Friday, September 16, 2016

Legislative overreach again: This time in children's services

Posted By on Fri, Sep 16, 2016 at 7:24 AM

SEN. ALAN CLARK: Wants legislative review of child services cases.
  • SEN. ALAN CLARK: Wants legislative review of child services cases.
Another outrage in the morning paper was the continued assault on child protective services by Sen. Alan Clark of Hot Springs. Praise where due for Sen. Missy Irvin in pushing back.

Boiled down: Clark doesn't like the way the state handles some  decisions involving children in bad family situations. He knows better than trained professionals and neutral judicial fact-finders.

Clark wants a legislative review process by which lawmaker should be able to review these things on a cases-by-case basis.

Why not? Legislators have already usurped the executive power by requiring legislative review of all executive agency decisions. They have threatened to impeach judges for decisions they don't like and have sufficiently cowed many in the appellate judiciary to get what they want in most cases anyway.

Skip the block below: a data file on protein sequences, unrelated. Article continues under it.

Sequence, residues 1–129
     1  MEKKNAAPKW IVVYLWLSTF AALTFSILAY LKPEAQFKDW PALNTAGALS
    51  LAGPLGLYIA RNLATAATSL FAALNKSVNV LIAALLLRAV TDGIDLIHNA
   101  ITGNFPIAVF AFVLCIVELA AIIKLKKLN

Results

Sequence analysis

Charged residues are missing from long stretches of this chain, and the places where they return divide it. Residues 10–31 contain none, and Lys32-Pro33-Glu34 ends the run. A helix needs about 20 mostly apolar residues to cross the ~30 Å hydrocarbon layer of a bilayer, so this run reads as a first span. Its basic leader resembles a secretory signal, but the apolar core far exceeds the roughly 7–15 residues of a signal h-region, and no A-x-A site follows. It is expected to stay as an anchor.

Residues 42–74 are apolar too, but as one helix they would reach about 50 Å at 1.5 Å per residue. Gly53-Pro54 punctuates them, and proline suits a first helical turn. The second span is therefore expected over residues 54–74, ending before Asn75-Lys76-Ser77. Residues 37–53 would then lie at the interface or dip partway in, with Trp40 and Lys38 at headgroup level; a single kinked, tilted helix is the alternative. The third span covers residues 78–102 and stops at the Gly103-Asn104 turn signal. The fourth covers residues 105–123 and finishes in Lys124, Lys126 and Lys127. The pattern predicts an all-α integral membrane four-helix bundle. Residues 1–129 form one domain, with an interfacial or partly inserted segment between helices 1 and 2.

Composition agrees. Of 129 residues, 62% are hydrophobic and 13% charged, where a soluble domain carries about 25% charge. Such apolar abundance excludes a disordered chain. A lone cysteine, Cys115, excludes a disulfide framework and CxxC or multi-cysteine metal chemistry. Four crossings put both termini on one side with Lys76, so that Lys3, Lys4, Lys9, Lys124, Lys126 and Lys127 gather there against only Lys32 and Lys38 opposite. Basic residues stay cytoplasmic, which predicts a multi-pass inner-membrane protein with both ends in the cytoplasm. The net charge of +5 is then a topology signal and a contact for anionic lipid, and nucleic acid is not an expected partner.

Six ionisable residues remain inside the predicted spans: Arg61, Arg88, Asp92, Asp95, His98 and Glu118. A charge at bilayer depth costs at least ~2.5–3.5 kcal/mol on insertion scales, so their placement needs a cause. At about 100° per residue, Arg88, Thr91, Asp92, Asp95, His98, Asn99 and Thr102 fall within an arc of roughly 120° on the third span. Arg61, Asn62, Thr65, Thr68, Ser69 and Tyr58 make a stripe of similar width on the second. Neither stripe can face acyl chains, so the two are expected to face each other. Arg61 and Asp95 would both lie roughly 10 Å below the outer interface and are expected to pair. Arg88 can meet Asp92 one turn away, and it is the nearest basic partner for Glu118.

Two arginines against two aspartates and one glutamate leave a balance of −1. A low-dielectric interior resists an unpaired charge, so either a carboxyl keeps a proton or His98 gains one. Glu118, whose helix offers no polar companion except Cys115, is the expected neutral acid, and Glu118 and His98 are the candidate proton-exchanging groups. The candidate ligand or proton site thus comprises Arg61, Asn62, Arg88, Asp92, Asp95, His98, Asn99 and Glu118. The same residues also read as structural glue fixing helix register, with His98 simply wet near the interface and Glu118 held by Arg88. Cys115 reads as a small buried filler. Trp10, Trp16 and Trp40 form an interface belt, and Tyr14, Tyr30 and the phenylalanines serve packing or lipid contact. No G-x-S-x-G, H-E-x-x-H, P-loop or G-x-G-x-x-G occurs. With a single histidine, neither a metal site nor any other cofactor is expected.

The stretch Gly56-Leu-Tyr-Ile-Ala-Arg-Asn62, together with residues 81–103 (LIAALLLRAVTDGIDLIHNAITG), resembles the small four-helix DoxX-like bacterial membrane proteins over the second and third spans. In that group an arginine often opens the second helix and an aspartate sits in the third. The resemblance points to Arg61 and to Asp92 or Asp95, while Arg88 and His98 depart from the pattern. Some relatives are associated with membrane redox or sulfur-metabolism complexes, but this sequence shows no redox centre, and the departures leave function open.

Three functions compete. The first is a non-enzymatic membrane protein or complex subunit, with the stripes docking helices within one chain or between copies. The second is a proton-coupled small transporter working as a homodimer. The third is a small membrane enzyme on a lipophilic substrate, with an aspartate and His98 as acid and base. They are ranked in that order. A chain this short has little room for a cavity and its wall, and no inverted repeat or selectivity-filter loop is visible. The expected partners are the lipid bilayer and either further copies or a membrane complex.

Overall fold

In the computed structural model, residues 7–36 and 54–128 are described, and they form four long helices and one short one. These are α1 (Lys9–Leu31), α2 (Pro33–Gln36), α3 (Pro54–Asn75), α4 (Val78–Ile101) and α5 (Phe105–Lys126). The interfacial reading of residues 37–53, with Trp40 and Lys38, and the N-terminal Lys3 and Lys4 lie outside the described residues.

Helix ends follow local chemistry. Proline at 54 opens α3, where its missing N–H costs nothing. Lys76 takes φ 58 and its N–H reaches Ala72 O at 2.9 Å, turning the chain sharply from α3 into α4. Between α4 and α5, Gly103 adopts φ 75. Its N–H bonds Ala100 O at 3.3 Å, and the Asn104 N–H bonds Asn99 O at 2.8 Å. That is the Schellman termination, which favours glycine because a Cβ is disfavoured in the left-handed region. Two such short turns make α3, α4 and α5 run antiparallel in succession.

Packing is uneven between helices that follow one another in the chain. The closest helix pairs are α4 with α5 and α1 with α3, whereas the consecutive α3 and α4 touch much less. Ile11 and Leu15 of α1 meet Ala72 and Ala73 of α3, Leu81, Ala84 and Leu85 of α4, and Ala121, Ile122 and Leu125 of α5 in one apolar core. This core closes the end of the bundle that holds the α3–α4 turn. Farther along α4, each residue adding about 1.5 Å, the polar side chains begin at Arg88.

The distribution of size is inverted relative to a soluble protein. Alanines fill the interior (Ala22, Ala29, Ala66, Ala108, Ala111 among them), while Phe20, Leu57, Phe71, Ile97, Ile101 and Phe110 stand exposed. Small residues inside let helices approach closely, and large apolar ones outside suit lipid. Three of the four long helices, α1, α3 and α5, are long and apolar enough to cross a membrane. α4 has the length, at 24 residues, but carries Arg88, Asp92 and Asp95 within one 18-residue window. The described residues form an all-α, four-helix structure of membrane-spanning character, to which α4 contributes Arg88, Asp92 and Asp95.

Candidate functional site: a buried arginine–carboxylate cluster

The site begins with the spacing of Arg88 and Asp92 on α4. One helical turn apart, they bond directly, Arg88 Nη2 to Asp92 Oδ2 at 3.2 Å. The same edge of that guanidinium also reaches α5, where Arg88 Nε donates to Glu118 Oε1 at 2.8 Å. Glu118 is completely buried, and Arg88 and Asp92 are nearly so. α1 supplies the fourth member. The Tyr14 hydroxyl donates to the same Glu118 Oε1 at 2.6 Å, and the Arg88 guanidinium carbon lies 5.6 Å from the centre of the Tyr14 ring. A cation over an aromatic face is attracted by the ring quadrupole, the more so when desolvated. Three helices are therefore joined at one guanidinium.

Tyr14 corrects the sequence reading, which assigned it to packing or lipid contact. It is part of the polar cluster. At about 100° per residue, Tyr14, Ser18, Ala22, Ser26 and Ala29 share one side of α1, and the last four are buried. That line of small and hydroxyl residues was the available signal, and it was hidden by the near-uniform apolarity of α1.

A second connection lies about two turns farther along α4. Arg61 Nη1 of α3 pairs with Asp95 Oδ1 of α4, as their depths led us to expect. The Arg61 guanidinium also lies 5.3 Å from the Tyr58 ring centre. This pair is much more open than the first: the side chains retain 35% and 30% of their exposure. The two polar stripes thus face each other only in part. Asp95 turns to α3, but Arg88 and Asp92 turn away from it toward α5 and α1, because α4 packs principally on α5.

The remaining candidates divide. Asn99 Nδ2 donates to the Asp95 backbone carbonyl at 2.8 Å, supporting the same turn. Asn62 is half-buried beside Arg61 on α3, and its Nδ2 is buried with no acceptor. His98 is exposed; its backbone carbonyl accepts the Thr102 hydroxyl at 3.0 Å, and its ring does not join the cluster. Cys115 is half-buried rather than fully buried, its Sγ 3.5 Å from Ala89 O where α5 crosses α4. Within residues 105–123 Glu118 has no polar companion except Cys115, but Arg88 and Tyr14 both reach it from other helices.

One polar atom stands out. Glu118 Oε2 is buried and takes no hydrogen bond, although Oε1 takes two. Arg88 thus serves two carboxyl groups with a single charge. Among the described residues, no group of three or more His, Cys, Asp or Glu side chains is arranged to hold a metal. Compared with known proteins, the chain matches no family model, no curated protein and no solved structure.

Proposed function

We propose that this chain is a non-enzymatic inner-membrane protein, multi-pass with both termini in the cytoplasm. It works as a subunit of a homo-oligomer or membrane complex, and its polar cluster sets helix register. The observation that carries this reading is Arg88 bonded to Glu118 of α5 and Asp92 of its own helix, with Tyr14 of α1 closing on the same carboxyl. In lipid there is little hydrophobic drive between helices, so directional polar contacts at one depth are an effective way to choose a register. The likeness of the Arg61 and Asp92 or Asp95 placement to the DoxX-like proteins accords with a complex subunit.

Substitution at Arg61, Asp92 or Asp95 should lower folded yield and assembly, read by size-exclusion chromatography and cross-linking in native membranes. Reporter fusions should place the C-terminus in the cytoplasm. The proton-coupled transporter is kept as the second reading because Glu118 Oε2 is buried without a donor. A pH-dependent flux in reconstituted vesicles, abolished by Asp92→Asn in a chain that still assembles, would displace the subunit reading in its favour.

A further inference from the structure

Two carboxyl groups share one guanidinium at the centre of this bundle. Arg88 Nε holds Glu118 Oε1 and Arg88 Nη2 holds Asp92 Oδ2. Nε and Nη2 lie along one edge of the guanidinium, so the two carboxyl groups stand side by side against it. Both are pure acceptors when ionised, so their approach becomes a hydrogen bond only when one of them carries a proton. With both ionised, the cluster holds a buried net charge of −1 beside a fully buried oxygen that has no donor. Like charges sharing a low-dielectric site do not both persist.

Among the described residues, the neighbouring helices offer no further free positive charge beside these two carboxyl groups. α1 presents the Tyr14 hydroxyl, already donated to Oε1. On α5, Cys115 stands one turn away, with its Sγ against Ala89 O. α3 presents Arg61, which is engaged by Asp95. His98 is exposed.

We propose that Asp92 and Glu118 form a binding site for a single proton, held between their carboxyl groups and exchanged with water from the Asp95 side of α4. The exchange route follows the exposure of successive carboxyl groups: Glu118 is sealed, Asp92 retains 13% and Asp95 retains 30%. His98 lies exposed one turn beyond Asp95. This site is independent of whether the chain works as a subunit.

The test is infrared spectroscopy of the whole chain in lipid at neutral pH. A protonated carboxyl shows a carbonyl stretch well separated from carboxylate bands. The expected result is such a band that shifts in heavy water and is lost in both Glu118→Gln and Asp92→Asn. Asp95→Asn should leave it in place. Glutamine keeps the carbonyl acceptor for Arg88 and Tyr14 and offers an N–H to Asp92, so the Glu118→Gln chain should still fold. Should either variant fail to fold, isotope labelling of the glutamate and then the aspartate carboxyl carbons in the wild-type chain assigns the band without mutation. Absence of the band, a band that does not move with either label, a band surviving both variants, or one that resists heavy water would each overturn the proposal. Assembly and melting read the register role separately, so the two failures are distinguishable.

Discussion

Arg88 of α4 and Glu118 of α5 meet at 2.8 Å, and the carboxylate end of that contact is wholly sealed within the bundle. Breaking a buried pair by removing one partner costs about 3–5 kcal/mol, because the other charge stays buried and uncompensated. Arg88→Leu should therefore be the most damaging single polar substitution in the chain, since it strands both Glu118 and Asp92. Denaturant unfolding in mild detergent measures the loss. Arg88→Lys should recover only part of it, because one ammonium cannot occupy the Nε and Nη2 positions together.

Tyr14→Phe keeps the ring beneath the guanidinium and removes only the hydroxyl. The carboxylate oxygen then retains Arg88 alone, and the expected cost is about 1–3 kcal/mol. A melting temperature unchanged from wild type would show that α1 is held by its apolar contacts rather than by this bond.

Why not let Alan Clark meet on a case-by-case basis on child custody? On police and prosecutors' criminal charging decisions? On every Public Service Commission decision? On hunting license fees and duck bag limits? On Highway Department allocations of slurry seal?

Sadly, Alan Clark is not alone in disdain for a three-branch government. This just happens to be the worst in human cost, because it involves vulnerable children and putting a legislator in charge of decisions best left to trained professionals.

Sen. Missy Irvin isn't a shining light on separation of powers generally. But she stood out yesterday. She called Clark down for badgering a witness and suggested that the committee move on. The legislature has a former Republican member, Kelley Linck, in a lobbyist role at DHS. Gov. Asas Hutchinson controls the agency from top to bottom. There's ample fear already that the dark impulses of the legislature already have too much influence.

Clark was dissuaded from going totally public with what apparently amounted to an aunt's complaint about a child placement decision. But he nonetheless shared private information about the child with legislators anyway. The information would seem to be protected by law from disclosure.

What's lacking here is oversight of legislators. And maybe a good lawsuit or other legal action.


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